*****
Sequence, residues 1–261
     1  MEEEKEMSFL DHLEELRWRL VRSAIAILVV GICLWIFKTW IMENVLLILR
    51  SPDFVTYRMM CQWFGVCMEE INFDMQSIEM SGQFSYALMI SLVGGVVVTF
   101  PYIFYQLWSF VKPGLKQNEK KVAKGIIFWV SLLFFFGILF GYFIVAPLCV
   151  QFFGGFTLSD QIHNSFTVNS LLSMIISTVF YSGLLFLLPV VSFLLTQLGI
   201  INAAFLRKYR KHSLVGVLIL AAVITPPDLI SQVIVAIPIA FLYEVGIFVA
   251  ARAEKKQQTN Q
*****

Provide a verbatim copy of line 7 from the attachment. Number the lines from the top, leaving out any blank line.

   251  ARAEKKQQTN Q